If Ian Frink could choose only one competitor to return every year, a reigning champ would be the pick for the longtime elite runner's coordinator of the TBK Bank Quad Cities Marathon.
So this year's 26.2-mile race features an extra-special bonus, with course record-holder and two-time QCM champ Philemon Kiplangat Terer back to defend his title against a 19-man elite field.
The 22nd annual race takes off at 7 a.m. on Sept. 22, with the start/finish again at John Deere Commons in downtown Moline.
"Having Philemon back is great because he's been such a big part of our race," Frink said Wednesday. "He's run the two fastest times in our history, so he's set the bar really high."
Terer won the 2013 QCM in a record 2:14:04, and returned last fall to win again in 2:14:25. The Kenyan also was the runner-up in 2:17:37 at the 2014 multi-town, bi-state road race.
Terer's track record also includes a 2016 win at Cleveland, where he placed second in 2018 and earlier this year. Terer also owns a third in Des Moines (2016), fifth in Philadelphia (2017), and a sixth at California International (2016).
"He's been consistently good," said Frink, who plans to announce the elite women's field soon. "On paper, Terer's certainly the favorite, but we also have some other guys that will push him."
Frink expects those main challengers to be Ethiopia's Birhanu Dare Kemal and Kenya's Julius Maisei.
Last year, Kemal took second at the elite Grandma's Marathon in 2:12:21 before settling for third in 2:14:47 at Twin Cities. Kemal also has finished fourth at Pittsburgh (2018) and ninth at New York City (2015).
Maisei took seventh in 2:13:20 at the 2016 Hong Kong Standard Chartered, one of the world's top marathons.
"That's two guys that have run faster than Terer," Frink said.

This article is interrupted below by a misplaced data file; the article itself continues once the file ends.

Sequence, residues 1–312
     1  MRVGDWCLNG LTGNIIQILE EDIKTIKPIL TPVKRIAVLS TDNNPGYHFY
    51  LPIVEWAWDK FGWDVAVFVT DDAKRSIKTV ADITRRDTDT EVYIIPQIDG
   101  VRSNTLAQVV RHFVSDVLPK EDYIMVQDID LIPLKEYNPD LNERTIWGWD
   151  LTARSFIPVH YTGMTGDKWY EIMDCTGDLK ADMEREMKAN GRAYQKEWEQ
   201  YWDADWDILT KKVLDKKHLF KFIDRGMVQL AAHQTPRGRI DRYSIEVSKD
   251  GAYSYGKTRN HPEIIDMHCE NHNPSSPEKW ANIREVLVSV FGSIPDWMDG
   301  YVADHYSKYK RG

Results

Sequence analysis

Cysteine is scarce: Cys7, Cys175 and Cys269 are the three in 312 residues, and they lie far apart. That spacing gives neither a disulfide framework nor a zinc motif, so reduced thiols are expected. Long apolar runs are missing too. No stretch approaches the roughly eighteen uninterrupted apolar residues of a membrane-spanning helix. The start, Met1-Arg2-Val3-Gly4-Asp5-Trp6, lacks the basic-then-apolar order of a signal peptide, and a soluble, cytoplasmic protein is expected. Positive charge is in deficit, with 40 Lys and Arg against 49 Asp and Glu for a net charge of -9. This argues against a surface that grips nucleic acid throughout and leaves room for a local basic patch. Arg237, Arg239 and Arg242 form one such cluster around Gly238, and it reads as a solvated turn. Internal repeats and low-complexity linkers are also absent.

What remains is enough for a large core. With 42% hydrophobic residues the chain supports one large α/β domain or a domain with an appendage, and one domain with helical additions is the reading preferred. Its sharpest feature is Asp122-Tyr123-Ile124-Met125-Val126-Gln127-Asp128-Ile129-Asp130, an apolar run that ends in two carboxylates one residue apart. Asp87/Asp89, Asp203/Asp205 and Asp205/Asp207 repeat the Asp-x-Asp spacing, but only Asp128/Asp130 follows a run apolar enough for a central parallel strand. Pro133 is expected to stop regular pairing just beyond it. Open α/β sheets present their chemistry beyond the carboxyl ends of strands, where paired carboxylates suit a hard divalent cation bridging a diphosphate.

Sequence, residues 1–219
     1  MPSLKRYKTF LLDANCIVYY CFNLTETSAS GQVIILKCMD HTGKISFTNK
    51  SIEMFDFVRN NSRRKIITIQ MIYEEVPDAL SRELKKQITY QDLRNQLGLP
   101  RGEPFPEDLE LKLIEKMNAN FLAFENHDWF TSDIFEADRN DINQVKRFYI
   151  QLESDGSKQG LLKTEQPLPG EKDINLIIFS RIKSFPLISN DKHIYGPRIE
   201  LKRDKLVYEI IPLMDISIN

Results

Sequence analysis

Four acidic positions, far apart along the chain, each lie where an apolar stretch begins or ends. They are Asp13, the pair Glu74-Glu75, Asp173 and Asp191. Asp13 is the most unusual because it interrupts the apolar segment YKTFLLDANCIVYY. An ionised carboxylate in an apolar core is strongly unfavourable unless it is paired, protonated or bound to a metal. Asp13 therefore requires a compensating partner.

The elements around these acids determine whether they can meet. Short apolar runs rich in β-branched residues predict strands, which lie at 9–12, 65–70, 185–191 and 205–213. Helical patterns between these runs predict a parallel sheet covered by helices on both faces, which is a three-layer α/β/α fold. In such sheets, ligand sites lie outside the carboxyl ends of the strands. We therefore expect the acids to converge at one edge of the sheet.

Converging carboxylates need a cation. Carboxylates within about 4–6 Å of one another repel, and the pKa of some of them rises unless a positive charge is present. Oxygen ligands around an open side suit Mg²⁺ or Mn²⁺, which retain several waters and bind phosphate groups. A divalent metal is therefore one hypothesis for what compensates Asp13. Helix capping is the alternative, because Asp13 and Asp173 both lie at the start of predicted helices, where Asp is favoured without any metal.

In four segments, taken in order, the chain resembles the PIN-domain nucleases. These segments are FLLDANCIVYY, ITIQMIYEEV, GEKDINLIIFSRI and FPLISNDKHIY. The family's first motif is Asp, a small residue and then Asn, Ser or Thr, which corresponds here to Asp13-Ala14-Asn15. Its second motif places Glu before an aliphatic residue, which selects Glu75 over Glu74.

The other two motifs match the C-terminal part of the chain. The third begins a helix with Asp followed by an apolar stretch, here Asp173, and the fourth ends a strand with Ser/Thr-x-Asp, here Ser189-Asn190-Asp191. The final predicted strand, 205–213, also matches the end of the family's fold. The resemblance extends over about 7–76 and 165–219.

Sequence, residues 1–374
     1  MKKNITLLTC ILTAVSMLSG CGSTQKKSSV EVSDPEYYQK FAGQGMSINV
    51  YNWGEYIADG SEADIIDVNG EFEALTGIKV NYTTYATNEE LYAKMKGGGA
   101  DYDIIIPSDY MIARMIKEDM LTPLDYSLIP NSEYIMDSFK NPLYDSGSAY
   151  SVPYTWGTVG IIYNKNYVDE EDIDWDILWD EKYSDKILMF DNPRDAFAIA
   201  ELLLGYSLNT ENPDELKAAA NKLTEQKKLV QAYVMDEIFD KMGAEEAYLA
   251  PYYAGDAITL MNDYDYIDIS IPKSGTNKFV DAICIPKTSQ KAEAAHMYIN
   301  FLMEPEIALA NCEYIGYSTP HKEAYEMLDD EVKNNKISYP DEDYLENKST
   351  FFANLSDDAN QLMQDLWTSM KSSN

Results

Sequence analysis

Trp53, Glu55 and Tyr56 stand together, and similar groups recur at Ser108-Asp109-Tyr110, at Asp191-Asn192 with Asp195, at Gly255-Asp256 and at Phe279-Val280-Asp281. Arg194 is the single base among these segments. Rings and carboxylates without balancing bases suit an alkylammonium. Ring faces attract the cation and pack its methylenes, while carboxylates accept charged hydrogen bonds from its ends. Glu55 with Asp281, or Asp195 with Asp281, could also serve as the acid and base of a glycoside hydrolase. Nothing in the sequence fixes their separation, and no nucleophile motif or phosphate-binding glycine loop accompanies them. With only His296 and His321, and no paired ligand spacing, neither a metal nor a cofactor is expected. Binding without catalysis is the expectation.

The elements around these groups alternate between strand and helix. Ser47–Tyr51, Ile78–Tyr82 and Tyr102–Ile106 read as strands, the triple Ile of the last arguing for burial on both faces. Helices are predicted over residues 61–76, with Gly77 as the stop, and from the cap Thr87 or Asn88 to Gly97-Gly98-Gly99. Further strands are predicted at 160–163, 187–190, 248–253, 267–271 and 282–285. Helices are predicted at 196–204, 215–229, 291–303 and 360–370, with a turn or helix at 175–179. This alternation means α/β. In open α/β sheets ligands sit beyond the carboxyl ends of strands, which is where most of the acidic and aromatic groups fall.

"Kemal is from the West Side Runners Club, and they've said that's their No. 1 guy they're sending us. So he's the real deal. Julius we don't know as much about, but Hong Kong is a big race, so he's legit.
"Those are the top 3 on paper, but you never really know until you get to the day and what the weather conditions will be like. There could always be somebody else sneaking in there."
Frink said leading the secondary pack of hopefuls are two competitors with QCM experience — Kenya's William Mutai and Ethopia's Abu Kebede Diriba.
Mutai was seventh here last year in 2:21:07. Diriba has placed top 5 locally in both 2015 (3rd) and 2016 (4th).
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Of the others, Ethiopia's Gezaghagn Girma Beyene has the top career-best (2:15:10), while countryman Teshome Etana Gelana (2:19:08) and Kenya's Philip Mburu (2:20:16) are also veteran marathoners.
"Any one of those guys on a good day could contend for the win," Frink said.
Adding additional spice is former Alleman star Tim Hird, one of two elites making their marathon debut on the Mississippi Riverfront.
The former All-American at Division III North Central College ran a 1:11:50 half marathon and 35:36 Bix 7 earlier this year. His brother Zach Hird, entered in the half-marathon, also is running part of the course with him.
The top five marathoners and best three half-marathoners are among the prize-money winners. The top local finishers earn $200 in the marathon and $100 in the half.
"Tim's run some really good times, so we're delighted he chose our race to be his first marathon," Frink said. "Having a familiar face up there is really cool and adds a lot to the event.
"He has the potential to run in the 2:20s, and many times that's been a Top 5 finisher for us. I don't see any reason why he can't have that as a goal."
Of the 14 elite entered in the men's 13.1-mile race, Frink said half hail from Illinois, including Zach Hird and Milan's Brandon Wilkerson.
Like his brother, Hird was an All-American at North Central and boasts a 36:48 from this summer's Bix 7. Wilkerson earned All-American honors at Augustana in the 3,000-meter steeplechase.
"I can't ever remember having that many regional guys that are that good," Frink said, with the list topped by defending champ Brett Lustgarten of Chicago. "If the weather's good, we could have at least five guys under 1:10, which should tell you it's a great field."
Lustgarten will be rematched with Kenyan Elisha Kipruto, whom he edged by two seconds last fall in the Mel Foster Co.-sponsored half.
Lustgarten's winning time was 1:08:35, almost a minute slower than his personal record. Another top contender, Michigan's Zach Ripley, has run faster than both last year's champ and runner-up, with a 1:05:11 best from 2018 Detroit.
Former University of Illinois star Colin Mickow is in the field, too. He won the 2018 Healthy Driven Half in 1:07:50.
"We have the rematch of a really exciting race from last year," Frink said. "Then we add Ripley and Mickley on top of that, and there's no reason why Zach Hird can't be in the mix with those guys."